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Lawmakers approve taking step toward public defender's unit in Maine

Indigent Defense
Robert F. Bukaty
AP file
In this Wednesday, May 31, 2017, file photo, a court-appointed "lawyer of the day" explains a legal implication to a person charged with a crime at Cumberland County Superior Court in Portland, Maine.

The Legislature's budget-writing committee voted Friday to spend more than $1 million to create a small public defender's office in Maine.

Maine is the only state that relies entirely on private lawyers rather than public defenders to represent people who are charged with crimes but can't afford an attorney. But the pool of lawyers willing to participate is shrinking, prompting warnings from leaders of the state-run program, known as the Maine Commission on Indigent Legal Services, that it may soon not have enough attorneys to defend all of the lower-income individuals who require representation in the state.

The $1.2 million approved by the Appropriations and Financial Affairs Committee will be used to hire five public defenders who would work largely in rural areas, essentially supplementing the commission’s roster of private attorneys. The public defender unit would be mobile, with attorneys sent to different areas of the state where the need is greatest.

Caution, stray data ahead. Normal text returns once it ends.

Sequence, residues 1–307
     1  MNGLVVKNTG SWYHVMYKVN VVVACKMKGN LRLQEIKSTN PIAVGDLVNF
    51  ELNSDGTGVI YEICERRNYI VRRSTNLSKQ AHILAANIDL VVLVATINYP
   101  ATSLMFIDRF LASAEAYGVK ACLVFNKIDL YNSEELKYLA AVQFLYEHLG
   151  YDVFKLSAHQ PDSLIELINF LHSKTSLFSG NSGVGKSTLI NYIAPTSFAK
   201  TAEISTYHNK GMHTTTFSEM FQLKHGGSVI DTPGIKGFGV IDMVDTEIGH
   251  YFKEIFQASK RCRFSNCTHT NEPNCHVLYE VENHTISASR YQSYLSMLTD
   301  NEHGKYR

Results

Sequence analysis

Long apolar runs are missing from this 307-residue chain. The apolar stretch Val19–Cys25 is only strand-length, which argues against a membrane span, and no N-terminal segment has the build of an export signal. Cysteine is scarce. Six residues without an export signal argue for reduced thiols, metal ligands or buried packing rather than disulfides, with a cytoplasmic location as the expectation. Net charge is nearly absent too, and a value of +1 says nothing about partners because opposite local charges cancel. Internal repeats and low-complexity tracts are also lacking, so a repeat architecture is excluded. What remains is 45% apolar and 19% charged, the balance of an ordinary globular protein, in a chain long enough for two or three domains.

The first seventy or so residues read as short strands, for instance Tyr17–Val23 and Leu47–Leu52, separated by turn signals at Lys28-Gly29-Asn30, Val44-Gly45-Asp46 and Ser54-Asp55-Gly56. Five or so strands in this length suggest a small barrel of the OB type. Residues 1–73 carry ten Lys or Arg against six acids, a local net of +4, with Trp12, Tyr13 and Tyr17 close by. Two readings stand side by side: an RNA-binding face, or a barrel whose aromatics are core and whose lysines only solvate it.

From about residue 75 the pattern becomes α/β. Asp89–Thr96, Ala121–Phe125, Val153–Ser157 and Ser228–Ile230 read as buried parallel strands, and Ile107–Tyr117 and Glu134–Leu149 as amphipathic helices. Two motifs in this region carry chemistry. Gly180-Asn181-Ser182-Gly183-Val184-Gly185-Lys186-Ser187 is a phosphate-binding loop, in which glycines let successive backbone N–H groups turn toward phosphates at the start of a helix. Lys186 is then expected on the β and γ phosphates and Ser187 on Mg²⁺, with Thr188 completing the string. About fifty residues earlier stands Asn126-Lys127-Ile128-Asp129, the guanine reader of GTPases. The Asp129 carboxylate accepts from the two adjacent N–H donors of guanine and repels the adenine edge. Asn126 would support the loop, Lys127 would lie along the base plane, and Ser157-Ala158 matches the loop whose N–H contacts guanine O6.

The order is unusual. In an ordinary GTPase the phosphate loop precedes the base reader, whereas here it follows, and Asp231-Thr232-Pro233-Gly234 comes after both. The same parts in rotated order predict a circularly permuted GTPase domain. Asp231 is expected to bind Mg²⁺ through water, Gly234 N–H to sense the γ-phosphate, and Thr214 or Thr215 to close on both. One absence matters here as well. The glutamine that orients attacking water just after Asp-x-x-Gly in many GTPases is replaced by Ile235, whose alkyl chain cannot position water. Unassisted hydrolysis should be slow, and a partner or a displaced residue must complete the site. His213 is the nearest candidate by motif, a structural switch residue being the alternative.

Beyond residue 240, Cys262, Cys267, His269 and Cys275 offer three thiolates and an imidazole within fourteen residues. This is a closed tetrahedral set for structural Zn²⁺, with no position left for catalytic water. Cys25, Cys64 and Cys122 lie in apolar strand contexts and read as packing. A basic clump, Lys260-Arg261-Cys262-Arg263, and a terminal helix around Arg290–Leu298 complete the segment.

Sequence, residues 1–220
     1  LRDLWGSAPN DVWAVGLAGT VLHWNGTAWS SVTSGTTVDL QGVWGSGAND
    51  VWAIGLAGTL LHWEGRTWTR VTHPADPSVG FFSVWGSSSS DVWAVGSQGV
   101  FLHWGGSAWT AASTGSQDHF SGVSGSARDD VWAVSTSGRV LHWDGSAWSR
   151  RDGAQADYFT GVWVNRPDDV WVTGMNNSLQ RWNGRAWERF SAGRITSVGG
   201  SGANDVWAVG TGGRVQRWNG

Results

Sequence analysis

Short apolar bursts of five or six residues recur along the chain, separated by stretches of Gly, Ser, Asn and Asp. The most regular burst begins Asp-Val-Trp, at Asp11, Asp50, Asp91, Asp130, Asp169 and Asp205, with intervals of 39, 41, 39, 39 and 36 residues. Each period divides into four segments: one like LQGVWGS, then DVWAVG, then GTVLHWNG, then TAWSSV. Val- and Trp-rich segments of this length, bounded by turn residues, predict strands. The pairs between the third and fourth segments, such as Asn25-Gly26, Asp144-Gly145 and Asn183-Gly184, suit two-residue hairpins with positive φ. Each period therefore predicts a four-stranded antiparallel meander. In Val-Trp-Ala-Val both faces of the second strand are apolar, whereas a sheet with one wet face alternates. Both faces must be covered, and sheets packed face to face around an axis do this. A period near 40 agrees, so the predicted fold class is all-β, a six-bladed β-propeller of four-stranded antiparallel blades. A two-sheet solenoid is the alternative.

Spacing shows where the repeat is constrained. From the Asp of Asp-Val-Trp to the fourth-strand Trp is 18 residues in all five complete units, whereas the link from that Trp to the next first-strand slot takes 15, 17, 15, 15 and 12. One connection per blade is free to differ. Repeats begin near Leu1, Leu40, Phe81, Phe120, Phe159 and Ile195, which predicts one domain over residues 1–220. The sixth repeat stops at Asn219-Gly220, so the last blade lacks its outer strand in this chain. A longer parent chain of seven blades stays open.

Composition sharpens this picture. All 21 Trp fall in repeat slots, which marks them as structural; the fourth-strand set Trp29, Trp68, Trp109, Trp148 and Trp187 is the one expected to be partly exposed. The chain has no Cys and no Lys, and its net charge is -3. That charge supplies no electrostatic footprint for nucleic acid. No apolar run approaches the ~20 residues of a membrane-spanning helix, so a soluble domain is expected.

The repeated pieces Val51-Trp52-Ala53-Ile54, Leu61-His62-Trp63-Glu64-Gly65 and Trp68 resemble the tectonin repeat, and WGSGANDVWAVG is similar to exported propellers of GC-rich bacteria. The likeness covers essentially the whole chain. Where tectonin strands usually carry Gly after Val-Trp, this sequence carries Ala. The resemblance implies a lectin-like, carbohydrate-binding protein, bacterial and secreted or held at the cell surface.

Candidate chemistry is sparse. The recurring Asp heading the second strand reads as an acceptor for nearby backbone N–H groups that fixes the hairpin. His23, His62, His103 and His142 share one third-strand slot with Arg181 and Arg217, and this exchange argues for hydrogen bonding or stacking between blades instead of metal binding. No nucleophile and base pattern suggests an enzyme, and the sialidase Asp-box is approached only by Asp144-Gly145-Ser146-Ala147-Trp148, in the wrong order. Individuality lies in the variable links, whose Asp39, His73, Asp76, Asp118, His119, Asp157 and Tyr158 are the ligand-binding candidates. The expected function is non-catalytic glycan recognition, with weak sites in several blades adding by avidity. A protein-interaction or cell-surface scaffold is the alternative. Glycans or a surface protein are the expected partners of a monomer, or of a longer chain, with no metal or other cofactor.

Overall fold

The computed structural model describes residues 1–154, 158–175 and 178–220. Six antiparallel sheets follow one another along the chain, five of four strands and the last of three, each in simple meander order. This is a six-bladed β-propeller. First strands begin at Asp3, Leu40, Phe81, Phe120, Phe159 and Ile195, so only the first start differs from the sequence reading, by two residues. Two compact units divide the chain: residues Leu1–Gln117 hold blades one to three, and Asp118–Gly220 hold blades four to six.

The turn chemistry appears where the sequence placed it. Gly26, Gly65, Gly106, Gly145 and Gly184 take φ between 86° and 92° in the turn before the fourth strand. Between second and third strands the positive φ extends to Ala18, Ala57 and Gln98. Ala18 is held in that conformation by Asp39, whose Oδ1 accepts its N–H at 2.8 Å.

The money is part of $12 million in leftover funds that committee members divvied up on Friday, out of a pool of more than 240 bills seeking more than $1.2 billion in funding. The full House and Senate will take up the issue on Monday during what is slated to be the final day of the 2022 legislative session.

Earlier this year, the ACLU of Maine filed suit, claiming that the state is failing to fulfill its constitutional obligation to provide adequate representation to low-income defendants. Meagan Sway, an attorney with the ACLU, said Friday that the small public defender’s office is a positive step but does not go far enough. Sway said the ACLU’s lawsuit will move forward.

"Unfortunately what the Legislature funded is not enough and it doesn't get Maine close to fulfilling its obligations under the constitution,” Sway told Maine Public. “So while we are grateful for this funding and we think that something is better than nothing, Maine is still going to be failing its Sixth Amendment obligations even after this happens."